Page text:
Accounting in Germany
- Accounting Standards
- Accounting priciples and regulations in Germany are in the "German Accounting Standards" - GAS (Deutsche Rechnungslegungs Standards - DRS) which are published by the German standardization bureau: the Deutsches Rechnungslegungs Standards Committee (DRSC). There is no compulsory official accounting plan in Germany. It is up to each company to choose the form, the language and the currency. European companies listed on the stock exchange must establish their annual consolidated accounts on the basis of the IAS/IFRS standards.
- Accounting Regulation Bodies
DRSC, Deutsches Rechnungslegungs Standards Committee (German standardization bureau)
- Accounting Law
The main legal sources of German accounting are:
- the Stock Corporation Law of 1965 (AktG)
- book III of the German Commercial Code (Handelsgesetzbuch - HGB).
- Difference Between National and International Standards (IAS/IFRS)
- The national system is near the international standards.
- Accounting News
International Accounting News on Germany
- Tax Year
- The tax year begins on 1 January and finishes on 31 December of the same year.
- Accounting Reports
Unlimited liability companies and partial liability companies (Einzelkaufleute, OHG, KG) must draw up the following accounting documents:
- a balance sheet (Bilanz) in the format decreed by the 4th European Directive of 1978, adapted to German law in 1985;
- a profit and loss account (Gewinnund Verlustrechnung).
Limited liability companies (Gmbh and AG) must add to the two documents above:
- notes to the accounts (Anhang);
- an annual report (Lagebericht).
The financial flow table or cash flow table is not obligatory, except for companies listed on the stock exchange.
- Publication Requirements
The obligations of companies relative to the reporting of their accounts depend on their legal form: small company, medium company and large company (defined according to the total of the balance sheet, the net turnover and the members of staff employed).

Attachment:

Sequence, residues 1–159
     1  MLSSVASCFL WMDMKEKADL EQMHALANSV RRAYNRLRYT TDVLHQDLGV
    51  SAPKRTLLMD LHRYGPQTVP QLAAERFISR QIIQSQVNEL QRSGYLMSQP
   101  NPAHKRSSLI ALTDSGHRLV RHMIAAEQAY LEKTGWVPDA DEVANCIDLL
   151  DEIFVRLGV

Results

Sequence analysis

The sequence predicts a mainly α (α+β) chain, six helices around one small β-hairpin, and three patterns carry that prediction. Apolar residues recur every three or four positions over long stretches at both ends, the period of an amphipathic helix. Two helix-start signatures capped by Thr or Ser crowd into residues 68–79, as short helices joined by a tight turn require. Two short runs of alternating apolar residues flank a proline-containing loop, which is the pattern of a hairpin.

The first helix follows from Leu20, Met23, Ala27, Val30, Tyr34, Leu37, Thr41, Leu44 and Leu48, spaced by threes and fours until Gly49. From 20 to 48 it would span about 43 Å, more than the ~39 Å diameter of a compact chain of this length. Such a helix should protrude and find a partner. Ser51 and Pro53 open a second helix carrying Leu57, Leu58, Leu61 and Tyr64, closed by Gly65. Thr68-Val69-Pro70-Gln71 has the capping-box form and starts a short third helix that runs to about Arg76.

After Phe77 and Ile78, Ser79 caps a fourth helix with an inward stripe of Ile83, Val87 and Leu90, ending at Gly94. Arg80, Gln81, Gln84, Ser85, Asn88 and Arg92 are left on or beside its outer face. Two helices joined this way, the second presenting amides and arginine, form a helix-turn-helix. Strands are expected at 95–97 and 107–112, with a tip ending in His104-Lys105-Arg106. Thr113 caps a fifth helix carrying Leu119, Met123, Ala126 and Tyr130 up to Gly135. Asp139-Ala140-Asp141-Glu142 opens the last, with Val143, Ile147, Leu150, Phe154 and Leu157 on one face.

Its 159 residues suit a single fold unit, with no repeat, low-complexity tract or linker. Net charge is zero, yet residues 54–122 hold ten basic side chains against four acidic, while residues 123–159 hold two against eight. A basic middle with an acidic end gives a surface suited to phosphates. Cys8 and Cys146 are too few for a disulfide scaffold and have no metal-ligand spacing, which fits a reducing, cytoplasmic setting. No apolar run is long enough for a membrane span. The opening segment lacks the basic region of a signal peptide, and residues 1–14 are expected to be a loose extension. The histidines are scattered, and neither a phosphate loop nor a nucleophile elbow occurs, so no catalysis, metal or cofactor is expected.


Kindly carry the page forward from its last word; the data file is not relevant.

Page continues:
Limited liability companies (Gmbh et AG), with the exception of small companies and groups of companies, must publish annual accounts and have them controlled by an outside auditor. On the other hand, unlimited liability companies (except KGaA) have no obligation to publish their accounts nor to have them audited.
- The accountancy services (Book-keeping, accounting, controlling, payroll) and related services can be offered by companies or individuals adhering to one of the following (legally regulated) professions : Public Accountants, Management Accountants, Independent Accountants, Commercial Accountants, etc. A valid business license is required to provide such services. The type of licence defines the scope of services allowed.
- Professional Accountancy Bodies
WPK - Wirtschaftsprüferkammer, Chamber of Auditors.
IDW - Institut der Wirtschaftsprüfer, Institute of Chartered Accountants
- Member of the International Federation of Accountants (IFAC)
- Germany is a member of the International Federation of Accountants (IFAC).
- Member of Other Federation of Accountants
- Member of the Federation of European chartered accountants.
- Audit Bodies
The preparation of the annual accounts must take place less than three months after the end of the financial year for medium and large companies, and less than six months later for small companies.
Vous pouvez contacter un auditeur externe : Price Waterhouse Coopers ; Ernst & Young (en allemand); KPMG (en anglais) ; Deloitte & Touche (en anglais)
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